Interns from the Bernier Lab presented their research at the 22nd Annual Undergraduate Research Symposium at the University of Washington’s Mary Gates Hall on Friday, May 17th 2019. The Undergraduate Research Symposium at UW is one of the nation’s largest undergraduate symposiums, with nearly a thousand posters from across a wide variety of disciplines submitted from undergraduates who are representing their departments and research. In order to present at this event, our interns had to apply, write an abstract, collect their data, run statistics, and design their posters to clearly display their research findings. Interns were supported by mentors from the lab, including staff, graduate students and post-docs. Three posters from four of the Bernier Lab’s undergraduate interns were selected for presentation in the 2019 Symposium:
Lauren ‘Koko’ Hall (pictured above) presented a poster titled: Maternal Thyroid Dysfunction, Likely Gene Disrupting Mutations and the Impact on ASD Severity.
Aiva Petriceks and Christine Haensli (pictured above) worked together to present a poster titled: An Exploration of Behavioral Phenotypes Related to DYRK1A and ADNP Gene Mutations Associated with Autism Spectrum Disorder.
Katherine Wadhwani (pictured above) presented a poster titled: Alpha Power in ASD.
We are so proud of our interns for their hard work and dedication! If you’re interested in reading their posters in detail, follow this link: UW Undergraduate Symposium.
The Bernier Lab’s newest publication focuses on early auditory perception and receptive language in individuals with Autism Spectrum Disorder. We used a speech learning task along with electroencephalogram (EEG) recording to learn more about how individuals with autism process speech sounds in the brain. This study showed us that while neurotypical kids show a decreased response only in the left hemisphere as words become more familiar, kids with autism show a decreased response across both hemisphere as they learn words. This effect was directly related to the autistic kids’ actual receptive language vocabulary. In other words, kids with autism who had better receptive language showed more decreased responses (in both hemispheres) as the new speech became more familiar.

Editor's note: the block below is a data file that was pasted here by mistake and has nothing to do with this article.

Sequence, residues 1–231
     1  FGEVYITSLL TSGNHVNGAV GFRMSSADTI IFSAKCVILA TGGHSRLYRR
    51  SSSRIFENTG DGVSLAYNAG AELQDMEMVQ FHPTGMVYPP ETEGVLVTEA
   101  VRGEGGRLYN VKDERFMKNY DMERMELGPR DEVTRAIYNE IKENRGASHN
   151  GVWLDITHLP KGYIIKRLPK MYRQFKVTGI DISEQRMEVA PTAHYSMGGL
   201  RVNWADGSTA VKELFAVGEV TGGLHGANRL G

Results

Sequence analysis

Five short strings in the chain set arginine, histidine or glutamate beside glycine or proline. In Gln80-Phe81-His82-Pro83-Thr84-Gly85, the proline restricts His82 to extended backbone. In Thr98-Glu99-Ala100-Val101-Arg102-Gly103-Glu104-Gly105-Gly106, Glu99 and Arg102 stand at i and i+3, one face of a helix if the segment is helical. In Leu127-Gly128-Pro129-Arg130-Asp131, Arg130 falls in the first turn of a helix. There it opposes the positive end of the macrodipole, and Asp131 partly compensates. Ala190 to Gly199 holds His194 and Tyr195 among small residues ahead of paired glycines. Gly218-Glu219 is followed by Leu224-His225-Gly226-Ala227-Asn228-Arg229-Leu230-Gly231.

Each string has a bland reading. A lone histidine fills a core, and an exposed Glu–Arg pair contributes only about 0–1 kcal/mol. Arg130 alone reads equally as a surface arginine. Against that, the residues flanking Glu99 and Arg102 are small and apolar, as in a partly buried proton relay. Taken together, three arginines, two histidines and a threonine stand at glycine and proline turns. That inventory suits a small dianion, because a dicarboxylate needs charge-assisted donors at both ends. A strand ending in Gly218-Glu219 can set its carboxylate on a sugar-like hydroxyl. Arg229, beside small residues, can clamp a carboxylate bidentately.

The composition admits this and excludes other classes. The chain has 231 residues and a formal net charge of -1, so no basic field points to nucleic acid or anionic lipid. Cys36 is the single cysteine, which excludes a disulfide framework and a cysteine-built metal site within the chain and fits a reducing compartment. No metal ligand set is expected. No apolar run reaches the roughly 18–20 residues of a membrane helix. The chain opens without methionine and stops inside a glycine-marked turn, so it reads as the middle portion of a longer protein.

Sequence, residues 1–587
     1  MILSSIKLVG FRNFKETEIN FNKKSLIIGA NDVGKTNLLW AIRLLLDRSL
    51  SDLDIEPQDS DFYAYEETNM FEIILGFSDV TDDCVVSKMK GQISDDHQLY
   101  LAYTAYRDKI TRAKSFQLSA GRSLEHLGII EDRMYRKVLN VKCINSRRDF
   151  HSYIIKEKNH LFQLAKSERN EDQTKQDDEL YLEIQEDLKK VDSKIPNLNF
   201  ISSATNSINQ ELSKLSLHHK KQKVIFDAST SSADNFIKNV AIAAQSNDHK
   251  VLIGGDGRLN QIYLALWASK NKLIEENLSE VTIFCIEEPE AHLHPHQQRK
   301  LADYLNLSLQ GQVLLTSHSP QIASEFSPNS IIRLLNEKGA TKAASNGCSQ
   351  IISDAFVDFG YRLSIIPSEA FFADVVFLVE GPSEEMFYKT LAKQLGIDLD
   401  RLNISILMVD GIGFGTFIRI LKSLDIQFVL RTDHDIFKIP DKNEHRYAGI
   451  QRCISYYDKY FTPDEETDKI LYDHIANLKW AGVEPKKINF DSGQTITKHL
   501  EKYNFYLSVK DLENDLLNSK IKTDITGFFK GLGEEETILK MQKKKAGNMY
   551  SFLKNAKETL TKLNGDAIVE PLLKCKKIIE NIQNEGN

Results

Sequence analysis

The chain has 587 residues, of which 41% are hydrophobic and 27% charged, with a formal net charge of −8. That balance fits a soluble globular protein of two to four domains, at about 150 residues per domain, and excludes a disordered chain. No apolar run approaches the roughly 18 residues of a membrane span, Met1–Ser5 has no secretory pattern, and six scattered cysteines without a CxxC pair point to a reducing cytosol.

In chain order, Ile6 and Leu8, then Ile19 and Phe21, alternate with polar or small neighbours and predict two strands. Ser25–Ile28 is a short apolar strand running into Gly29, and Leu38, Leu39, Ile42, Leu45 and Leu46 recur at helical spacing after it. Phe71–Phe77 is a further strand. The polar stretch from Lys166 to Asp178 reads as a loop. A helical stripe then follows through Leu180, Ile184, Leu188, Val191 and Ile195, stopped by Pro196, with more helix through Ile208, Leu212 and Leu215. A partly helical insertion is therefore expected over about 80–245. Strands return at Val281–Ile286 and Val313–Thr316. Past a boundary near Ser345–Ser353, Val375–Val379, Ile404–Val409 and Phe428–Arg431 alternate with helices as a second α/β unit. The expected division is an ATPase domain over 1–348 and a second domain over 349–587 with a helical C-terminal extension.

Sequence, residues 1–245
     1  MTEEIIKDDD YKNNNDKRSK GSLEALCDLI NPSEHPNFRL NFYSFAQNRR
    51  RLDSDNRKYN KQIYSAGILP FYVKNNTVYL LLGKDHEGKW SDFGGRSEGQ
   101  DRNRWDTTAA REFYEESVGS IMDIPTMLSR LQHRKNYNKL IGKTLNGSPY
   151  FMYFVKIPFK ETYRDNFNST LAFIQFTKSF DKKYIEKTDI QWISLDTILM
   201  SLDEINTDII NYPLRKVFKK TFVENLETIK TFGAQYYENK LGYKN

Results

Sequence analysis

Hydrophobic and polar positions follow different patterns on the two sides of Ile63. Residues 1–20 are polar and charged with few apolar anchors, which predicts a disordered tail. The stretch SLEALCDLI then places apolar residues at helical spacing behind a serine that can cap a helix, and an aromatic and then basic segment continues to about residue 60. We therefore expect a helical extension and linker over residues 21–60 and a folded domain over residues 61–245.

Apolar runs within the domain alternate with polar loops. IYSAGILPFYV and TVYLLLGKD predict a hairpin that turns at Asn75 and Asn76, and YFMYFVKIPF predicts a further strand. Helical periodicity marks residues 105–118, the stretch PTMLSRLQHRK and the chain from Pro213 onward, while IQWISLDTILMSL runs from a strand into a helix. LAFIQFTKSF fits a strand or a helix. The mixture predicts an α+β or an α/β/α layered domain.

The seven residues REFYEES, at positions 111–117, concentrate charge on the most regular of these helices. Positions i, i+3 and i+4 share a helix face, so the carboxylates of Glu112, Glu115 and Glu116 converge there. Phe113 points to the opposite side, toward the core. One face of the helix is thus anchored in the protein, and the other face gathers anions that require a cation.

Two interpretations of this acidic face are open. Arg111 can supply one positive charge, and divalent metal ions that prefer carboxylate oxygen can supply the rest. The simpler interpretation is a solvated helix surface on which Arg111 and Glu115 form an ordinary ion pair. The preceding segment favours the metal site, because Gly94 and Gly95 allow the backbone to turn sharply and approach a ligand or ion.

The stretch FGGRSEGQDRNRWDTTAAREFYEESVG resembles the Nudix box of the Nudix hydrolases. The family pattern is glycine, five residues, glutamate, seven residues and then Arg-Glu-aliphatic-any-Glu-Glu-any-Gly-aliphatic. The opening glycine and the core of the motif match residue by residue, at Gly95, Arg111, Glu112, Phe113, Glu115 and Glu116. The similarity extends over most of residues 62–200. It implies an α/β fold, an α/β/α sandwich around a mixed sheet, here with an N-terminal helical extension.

In this article, members of the Bernier Lab summarize the progress we have made in parsing the heterogeneity of ASD through genetics research. In our genotype-first approach, we have begun to identify genetics based subtypes of ASD. The utility of identifying these subtypes ranges from identifying critical gene and protein networks, to implications for pharmacological interventions for ASD. In short, we have made a lot of progress in the recent decades and the Bernier Lab is working together with some other fantastic investigators to execute cutting-edge research on ASD.
This week, over 4,000 athletes and coaches traveled from all 50 U.S. states and the District of Columbia to compete in events at the 2018 Special Olympics USA National Games, hosted in Seattle, WA. After beginning on July 1st, the USA National Games are now on the fourth day of events.